Dealing With Ethanol in Your Fuel Tank

Reprinted from Moss Motors British Motoring Magazine /Winter 2010

 1. Use a fuel stabilizer when you put gas in your British car.

Most of us donít drive our classic cars on a daily basis, so the short gasoline/ethanol life of 30 to 45 days in a vented tank, or 90 days in a closed tank, is a problem. In order to extend the life of your carís fuel and delay the phase separation that will eventually occur, you can add a fuel stabilizer to your tank every time you put fuel into it if youíre not sure youíll use the gas within the product life span.

 220-360 E-Xtend Ethanol Gasoline Treatment (8 oz.)

E-Xtend doubles the fuelís life to about 60 days in a vented tank, and about 180 days in a closed tank. It also contains antioxidants and degumming agents to fight sludge and prevent resin/gum deposits in the fuel tank. As a result, the fuel filter stays cleaner longer and the engine runs better. For fuel with 10 percent ethanol, the ratio is one ounce of E-Xtend for every six gallons of fuel, so one 8-ounce bottle will treat 48 gallons of fuel. The longneck bottle makes it easy to pour into the filler neck.

 2. Test your tank periodically for water presence and phase separation.

When youíre not driving your car and putting fresh gas into the tank, or after the car has been sitting over the winter, you can test your tank to determine if water is present or if phase separation has occurred.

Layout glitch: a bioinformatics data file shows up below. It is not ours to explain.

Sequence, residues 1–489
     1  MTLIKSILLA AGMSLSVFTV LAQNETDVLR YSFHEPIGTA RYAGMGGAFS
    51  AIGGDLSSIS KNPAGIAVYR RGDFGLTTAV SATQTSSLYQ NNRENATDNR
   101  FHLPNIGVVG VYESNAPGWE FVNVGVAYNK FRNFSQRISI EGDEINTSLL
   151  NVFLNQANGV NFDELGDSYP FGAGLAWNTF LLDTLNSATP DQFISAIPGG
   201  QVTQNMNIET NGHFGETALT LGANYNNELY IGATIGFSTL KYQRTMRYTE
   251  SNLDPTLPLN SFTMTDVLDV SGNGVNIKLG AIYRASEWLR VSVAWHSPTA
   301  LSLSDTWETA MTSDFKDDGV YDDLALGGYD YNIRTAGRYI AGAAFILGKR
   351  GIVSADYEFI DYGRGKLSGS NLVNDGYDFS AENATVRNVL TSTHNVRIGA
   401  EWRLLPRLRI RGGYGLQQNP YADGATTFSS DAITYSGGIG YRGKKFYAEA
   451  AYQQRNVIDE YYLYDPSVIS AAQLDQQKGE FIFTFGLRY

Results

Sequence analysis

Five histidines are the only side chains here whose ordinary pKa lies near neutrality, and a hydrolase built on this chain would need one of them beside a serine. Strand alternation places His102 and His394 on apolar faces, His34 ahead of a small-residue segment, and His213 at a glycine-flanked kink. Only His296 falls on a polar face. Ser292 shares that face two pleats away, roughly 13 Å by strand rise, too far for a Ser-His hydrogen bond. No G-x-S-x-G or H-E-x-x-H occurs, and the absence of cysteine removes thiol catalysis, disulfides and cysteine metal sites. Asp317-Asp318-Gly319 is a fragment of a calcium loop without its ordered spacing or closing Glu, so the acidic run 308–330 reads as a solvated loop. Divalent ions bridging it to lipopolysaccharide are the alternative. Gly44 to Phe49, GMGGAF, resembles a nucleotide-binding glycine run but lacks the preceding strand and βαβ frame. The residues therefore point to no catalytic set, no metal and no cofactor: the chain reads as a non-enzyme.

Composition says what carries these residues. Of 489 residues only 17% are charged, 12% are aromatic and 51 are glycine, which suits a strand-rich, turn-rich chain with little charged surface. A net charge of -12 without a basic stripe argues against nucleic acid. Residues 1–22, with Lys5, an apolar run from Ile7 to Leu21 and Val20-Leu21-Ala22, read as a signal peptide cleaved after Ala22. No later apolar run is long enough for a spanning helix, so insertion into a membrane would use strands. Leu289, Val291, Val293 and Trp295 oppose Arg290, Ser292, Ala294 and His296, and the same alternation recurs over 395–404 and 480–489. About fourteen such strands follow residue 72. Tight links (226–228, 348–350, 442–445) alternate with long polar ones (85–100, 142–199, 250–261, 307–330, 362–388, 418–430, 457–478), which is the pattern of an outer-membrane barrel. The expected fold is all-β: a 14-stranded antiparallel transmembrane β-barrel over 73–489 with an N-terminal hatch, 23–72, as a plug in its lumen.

One test method is loosening the fuel tankís drain plug and capturing a small sample of fuel from the bottom of the tank in a clear container for inspection. Since water collects at the bottom of the tank, you should be able

to see the two layers if water is present there will be a pink layer of gasoline on the top, and a clear or white layer of water and ethanol on the bottom. It looks a lot like unmixed salad dressing. You can use a test kit on the drain sample if it appears mixed up. If your tank construction allows a dipstick (a dowel or rod works well) to go from the filler neck all the way to the bottom of the tank, you can use a test kit for easier and

more reliable results. (This test method wonít work on car  models with a bent filler neck unless you can figure out a flexible dipstick that hits the tank bottom.)

 220-362 Water Probe Indicator

Simply apply the Water Probe Indicator on the end of the dipstick; it turns red where there is water in the fuel tank. For example, if thereís a half-inch of water in the tank, the stick shows a half-inch of red.

 3. Add an emulsifier to treat separated fuel layers.

If you find water in the tank and phase separation has occurred, you can add an emulsifier to the fuel to remix the gasoline, ethanol and water. (Note that if thereís an excessive amount of water, you may have to drain the contaminated fuel from the tank.)

 220-355 E-Zorb Ethanol Gasoline Water Remover (16 oz.)

E-Zorb emulsifies the water/ethanol layer at the bottom of the gas tank created by fuel phase separation. The water and ethanol mixes back into the rest of the fuel in the tank. The water passes with the gasoline through the engine and is released as steam. The fuel regains the octane (up to three points) that was lost when most of the ethanol separated from the gasoline. The ratio is one ounce of E-Zorb for 20 gallons of gasoline/ethanol. The one-pint (16 oz.) bottle will treat 320 gallons of fuel. Youíll have to agitate the fuel and emulsifier in the tank by rocking the car from side to side, and bouncing it up and down. Make sure your suspension can handle this!

Be sure to check out the Moss tech video on Dealing With Ethanol at